One problem that is almost always disregarded is the need to include operating costs into the economic rate of return (ERR) calculations. Let's assume that the ERR we will calculate is the ERR to the government, not to the Bank. These are very different in a large majority of cases. The reason is that the Bank only finances investment costs, but the government has to (a) repaid the Bank and (b) incur the operating costs associated with the investment. For example, if the Bank finances building a road, the government has to spend an annual amount maintaining it. The ERR to the investment project will be very different to the ERR calculating the NVP over the life of the road. Since we don't do the later, roads often go without maintenance and the costs to rebuild them several years later is higher. Of course, even if we did calculate the ERR including operating costs, that does not automatically imply that the national budgets will appropriate maintenance budgets, but that is another story. The point is, if we are going to do ERR for all the projects that are amenable to the use of this methodology (and I would argue that most are), we need to include operating costs.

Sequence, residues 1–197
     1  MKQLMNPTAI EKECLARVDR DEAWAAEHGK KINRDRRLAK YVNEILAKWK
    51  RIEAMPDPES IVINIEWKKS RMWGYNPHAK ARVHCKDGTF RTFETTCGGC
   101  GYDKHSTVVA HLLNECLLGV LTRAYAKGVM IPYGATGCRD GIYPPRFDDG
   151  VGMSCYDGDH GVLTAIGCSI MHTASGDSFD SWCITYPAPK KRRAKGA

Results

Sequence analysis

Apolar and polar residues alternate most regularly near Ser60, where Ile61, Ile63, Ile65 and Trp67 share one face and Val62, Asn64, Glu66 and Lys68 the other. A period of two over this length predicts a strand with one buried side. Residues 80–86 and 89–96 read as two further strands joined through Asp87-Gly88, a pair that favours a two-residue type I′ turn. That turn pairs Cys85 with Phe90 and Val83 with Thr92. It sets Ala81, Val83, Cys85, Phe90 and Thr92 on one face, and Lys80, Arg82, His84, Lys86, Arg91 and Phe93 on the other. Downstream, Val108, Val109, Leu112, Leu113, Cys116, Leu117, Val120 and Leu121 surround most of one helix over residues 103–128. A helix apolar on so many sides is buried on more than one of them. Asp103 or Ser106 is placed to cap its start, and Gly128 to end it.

Submitted by Patrick Osodo on Mon, 03/13/2017 - 14:18


I could not agree more! At the very least a focus on efficiency evaluation aligns with the concept of "Realm of Managerial responsibility. Beyond the output level, management's role becomes limited. You are only able to control what you are able to do. So plan and execute very well, considering all that could happen for good or for worse!

Submitted by Adam McCarty on Thu, 03/16/2017 - 03:28